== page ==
CSU offers online anti-bullying course for local educators
California State University Fullerton will offer a month-long online course which aims to provide educators with a better understanding of California’s anti-bullying laws, while also addressing the dynamics of lesbian, gay, bisexual, transgender, and gender-based bullying for schools across the country.
“I’m exceedingly proud of this course because it’s not just the contributions of one or two scholars,” course creator and CSU Fullterton Associate Professor of Women and Gender Studies Dr. Karyl Ketchum said. “It’s actually the contribution of the most influential people in the field who have donated time to come into (CSU Fullerton) and recorded short video lectures that have become the course.”
As a full online course in its fifth iteration, Ketchum says teachers as far as Canada have taken the course, which is offered periodically throughout the year. The most recent course will begin Monday, and will explore California and federal anti-bullying laws through the testimony of specialized experts, administrators, teachers, parents and students.
“Our state has some really excellent anti bullying laws, some of the best in the country,” Ketchum said. “As we began to do our work helping educators to understand their obligations under the law, we came to find that very few educators in Orange County understood what the laws were.”
Ketchum, who has worked for CSU Fullerton for seven years, says that part of her research as a staff member has been to research bullying issues in K-12 schools around the state. Ketchum said she and partnering organizations gathered stories from students that experienced bullying, and also looked into the amount of information educators get in reference to LGBT student concerns.
“What we found through an informal study of 22 institutions, was there were very little, indeed, almost no information given to educators of what the needs or rights are for this student population,” Ketchum said.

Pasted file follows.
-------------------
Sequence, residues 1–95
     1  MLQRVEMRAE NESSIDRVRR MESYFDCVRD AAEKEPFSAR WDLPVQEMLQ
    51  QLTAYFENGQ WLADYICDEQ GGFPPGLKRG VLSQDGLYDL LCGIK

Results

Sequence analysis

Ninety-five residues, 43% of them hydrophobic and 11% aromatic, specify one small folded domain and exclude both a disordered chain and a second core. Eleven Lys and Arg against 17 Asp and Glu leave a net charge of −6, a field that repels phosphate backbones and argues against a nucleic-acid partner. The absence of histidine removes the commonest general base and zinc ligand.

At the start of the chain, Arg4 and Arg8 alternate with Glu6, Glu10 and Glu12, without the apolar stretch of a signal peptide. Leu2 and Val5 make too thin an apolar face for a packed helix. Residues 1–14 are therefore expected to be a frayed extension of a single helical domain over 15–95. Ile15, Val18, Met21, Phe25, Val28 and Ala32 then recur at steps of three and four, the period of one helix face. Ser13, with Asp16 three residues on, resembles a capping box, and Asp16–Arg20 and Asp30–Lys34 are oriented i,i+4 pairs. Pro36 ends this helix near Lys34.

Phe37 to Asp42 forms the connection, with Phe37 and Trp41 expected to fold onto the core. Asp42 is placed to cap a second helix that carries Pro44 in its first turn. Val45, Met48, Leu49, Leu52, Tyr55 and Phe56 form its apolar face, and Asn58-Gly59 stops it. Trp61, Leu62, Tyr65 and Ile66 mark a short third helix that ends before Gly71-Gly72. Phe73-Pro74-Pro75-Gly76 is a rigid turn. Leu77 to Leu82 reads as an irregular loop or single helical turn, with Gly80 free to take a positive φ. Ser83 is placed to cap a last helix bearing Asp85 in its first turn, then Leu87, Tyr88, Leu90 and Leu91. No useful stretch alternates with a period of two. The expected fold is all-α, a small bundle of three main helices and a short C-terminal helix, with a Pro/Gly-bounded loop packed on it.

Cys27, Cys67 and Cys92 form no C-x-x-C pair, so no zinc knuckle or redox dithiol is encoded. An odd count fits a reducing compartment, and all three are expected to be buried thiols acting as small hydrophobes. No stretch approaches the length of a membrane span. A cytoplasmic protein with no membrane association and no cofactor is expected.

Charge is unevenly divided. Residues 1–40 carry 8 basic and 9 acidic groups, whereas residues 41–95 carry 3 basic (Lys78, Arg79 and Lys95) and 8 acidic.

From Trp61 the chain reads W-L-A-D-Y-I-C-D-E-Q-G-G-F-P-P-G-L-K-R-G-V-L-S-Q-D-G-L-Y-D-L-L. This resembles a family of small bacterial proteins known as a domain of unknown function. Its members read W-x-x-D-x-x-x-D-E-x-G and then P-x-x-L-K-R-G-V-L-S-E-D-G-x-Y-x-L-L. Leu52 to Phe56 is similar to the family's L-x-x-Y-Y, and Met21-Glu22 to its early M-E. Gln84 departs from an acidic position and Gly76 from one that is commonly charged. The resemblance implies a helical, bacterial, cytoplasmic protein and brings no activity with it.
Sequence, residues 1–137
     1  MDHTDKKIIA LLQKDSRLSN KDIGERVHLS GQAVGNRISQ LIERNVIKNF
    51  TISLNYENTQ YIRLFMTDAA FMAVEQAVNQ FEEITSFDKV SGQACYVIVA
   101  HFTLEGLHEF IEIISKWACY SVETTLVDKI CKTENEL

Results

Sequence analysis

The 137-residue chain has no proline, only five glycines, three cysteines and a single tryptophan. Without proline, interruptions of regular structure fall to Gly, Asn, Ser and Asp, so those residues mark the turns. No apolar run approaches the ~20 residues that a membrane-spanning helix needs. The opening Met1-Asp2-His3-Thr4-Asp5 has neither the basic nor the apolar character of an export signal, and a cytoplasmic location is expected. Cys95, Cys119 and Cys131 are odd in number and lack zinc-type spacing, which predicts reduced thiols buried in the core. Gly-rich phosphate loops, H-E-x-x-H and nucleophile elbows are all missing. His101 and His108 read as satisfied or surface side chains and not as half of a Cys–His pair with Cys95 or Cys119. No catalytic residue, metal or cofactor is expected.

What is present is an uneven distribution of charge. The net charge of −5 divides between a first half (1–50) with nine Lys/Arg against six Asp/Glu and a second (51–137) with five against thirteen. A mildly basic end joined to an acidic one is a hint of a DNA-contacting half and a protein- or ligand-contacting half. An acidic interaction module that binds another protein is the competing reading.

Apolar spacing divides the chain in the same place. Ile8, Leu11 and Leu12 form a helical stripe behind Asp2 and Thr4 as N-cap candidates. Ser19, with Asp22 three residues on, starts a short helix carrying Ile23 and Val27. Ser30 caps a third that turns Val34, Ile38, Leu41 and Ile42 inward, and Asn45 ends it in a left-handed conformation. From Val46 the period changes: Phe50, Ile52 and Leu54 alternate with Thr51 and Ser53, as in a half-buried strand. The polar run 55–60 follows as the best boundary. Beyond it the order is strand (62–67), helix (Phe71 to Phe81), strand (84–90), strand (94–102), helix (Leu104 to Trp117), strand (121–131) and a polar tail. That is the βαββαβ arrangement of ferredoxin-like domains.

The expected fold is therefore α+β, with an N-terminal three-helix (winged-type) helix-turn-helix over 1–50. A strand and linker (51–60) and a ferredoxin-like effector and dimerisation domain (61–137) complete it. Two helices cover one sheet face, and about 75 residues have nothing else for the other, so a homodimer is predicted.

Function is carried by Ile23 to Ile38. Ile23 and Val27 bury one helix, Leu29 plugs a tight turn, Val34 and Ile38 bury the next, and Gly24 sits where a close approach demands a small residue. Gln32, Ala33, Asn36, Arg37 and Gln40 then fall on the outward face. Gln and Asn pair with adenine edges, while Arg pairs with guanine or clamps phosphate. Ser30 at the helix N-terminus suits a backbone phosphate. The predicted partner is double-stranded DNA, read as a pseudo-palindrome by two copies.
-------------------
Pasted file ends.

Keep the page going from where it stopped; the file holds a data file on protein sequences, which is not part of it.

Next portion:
In September 2010, Ketchum said there were a string of student suicides in the state from the LGBT student population which Ketchum said made her work even more important.
“It’s telling that it happened in the month of September because it happened when these kids went back to school,” Ketchum said. “So when we have students taking their own lives, adults need to be paying attention. So this was one of the ways we responded to this crisis in our schools is by putting together this course.”
Ketchum added, “I think that it’s a course born out of frustration and deep concern, and I think it’s been a very positive and highly effective response to these concerns.”
The course is organized as a series of eight multimedia learning modules developed and team-taught by scholars and professionals in the fields of education, psychology, health, public policy and the law. Educators who take the course may receive professional development credit.
Ketchum said a new and final module was added to the most recent edition of the course, which has video interviews with physicians who work with transgender students, and transgender students talking about what it is like to be transgender at their school.
“Some people may not be aware that somebody is transgender,” Ketchum said. “So this gives us an opportunity to educate toward this issue.”
The one-unit online course is $210, and also gives educators resources to research information on bullying laws.
“If they’re noticing some bullying, or harassment or discrimination under these categories the course teaches people what can they do to reset campus culture,” Ketchum said. “So it’s very practical in that approach.”
To register for the course through University Extended Education call 657-278-5836.
To contact Staff Writer Ivan Natividad, email email@example.com or call 530-477-4236.
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